In the Hudson River Valley no settlement was made, nor house erected, by white men until 1614. Just when the labor of the settlers first took the form we call lumbering it is impossible to say. In 1623, nine years after the first house was built at New Amsterdam, three sawmills were erected by the Dutch West India Company; and with their erection begins the history of lumbering in the State of New York.*)
The machinery for these mills, which was shipped from Holland, was constructed to run by water power or by wind-mill. One of them was built on Governor's Island, and was probably operated by wind power; another, which stood on Sawmill Creek, a tributary of the East River, may have used a water wheel. In 1639 the mill on Governor's Island was based at the annual rental of 500 merchantable boards, half oak and half pine.
About the same time, perhaps a little earlier, some sawmills were built at Fort Orange (Albany) or in its immediate vicinity. Andries Corstiaensen, a master millwright, with two sawyers, was sent there from Holland in 1630. Among the settlers at Rensselaerwyck (Troy), in 1630, were Lawrens Lawrenssen and Barent Tomassen, sawyers. In 1636 Barent Pieterse Koeymans joined the colony, and in the fall of 1645 took charge of the Patroon's sawmills, being allowed 150 guilders a year for board and 3 stuyvers for every plank he sawed. In two years this mill cut over 4,000 boards. In 1673 Koeymans bought a large tract of land on the Hudson River, 12 miles south of Albany (the location of the present town of Coeymans), on which there were some desirable mill-sites, and where Cruyn Cornelissen and Hans Jonsen had erected sawmills as early as 1651.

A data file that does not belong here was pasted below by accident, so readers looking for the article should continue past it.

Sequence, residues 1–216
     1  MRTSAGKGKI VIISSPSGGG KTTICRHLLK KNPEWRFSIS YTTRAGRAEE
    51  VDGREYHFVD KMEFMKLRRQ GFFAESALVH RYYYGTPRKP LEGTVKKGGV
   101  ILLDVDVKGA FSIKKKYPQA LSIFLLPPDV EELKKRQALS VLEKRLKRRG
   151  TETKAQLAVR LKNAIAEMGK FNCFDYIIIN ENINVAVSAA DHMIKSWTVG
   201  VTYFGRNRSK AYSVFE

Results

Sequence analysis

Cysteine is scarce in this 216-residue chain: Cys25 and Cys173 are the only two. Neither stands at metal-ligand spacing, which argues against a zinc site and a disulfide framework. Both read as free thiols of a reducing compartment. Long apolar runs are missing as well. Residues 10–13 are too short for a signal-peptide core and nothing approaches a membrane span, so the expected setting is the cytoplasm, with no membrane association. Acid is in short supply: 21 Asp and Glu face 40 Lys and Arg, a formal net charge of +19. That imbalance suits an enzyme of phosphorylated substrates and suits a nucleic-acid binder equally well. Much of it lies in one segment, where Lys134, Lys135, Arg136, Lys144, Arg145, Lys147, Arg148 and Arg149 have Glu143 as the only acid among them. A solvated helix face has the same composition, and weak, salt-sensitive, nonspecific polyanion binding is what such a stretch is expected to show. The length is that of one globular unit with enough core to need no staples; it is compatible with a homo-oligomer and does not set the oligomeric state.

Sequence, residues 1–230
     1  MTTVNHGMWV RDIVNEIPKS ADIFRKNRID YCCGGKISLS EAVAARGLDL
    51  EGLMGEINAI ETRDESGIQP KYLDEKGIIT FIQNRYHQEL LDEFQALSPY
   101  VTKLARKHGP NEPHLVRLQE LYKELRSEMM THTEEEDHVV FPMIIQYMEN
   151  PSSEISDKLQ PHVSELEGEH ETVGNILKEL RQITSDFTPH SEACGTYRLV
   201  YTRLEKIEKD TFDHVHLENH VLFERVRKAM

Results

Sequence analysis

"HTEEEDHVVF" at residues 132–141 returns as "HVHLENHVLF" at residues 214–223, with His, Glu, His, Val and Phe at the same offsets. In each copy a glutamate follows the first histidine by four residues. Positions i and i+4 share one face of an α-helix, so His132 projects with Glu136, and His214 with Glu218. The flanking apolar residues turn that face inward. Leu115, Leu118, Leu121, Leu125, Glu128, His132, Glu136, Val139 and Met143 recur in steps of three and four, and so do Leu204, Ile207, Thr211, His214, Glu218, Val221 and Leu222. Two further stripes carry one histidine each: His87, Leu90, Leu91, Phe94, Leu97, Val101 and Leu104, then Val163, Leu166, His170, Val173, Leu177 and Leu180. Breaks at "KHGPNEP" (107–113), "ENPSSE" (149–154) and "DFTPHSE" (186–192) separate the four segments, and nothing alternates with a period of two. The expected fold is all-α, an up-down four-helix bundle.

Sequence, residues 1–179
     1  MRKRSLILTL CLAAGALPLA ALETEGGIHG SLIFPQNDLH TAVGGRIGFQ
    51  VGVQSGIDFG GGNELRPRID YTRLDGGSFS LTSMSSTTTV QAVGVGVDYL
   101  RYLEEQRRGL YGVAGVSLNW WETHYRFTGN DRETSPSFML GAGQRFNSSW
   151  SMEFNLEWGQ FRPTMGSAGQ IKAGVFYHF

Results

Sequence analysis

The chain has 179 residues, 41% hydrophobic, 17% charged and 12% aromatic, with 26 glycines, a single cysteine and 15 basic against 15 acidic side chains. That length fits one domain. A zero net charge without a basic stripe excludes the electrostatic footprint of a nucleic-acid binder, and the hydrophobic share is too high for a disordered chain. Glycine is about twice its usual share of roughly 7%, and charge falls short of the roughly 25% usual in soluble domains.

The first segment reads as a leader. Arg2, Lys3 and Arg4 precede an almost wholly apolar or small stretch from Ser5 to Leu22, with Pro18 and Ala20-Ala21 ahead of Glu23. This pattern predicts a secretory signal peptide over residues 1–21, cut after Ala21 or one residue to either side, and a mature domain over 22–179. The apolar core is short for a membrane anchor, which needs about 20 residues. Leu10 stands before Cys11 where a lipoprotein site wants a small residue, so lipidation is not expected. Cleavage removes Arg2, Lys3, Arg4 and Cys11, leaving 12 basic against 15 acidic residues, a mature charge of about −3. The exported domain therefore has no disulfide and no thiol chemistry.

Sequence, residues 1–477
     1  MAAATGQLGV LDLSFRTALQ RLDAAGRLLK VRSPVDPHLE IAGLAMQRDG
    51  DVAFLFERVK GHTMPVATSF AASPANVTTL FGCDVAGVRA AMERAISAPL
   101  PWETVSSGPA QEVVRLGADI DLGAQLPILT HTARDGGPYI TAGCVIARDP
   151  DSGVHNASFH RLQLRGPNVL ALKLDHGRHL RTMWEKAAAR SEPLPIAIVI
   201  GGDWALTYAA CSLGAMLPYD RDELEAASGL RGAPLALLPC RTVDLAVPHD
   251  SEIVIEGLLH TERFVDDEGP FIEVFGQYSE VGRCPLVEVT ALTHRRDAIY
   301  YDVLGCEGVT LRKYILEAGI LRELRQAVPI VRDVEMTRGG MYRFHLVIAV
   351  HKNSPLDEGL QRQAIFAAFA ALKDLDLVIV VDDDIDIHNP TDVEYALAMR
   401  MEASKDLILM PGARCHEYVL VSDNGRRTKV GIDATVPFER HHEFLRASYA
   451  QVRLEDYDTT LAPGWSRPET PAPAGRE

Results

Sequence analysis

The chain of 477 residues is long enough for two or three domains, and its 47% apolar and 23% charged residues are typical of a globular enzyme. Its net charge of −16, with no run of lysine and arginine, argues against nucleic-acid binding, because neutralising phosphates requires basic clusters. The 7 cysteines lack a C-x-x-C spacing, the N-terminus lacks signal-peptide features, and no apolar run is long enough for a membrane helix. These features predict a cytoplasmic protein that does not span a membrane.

The colonists soon made other settlements in the Hudson Valley, and in 1661 Frans Pietero Clavers built a sawmill on the little stream which runs into the river 2 miles north of Stuyvesant Landing, in what is now the town of Kinderhook, Columbia County. This stream has been known as the Saw Kill ever since. In 1663 a sawmill was built by Jan Barendsen Wemp on the Poesten Kill, a stream which empties into the Hudson at Troy. As the falls of the Poesten Kill (Puffing or Foaming Creek) furnished a strong water-power, it may be assumed that this mill was driven by a water-wheel.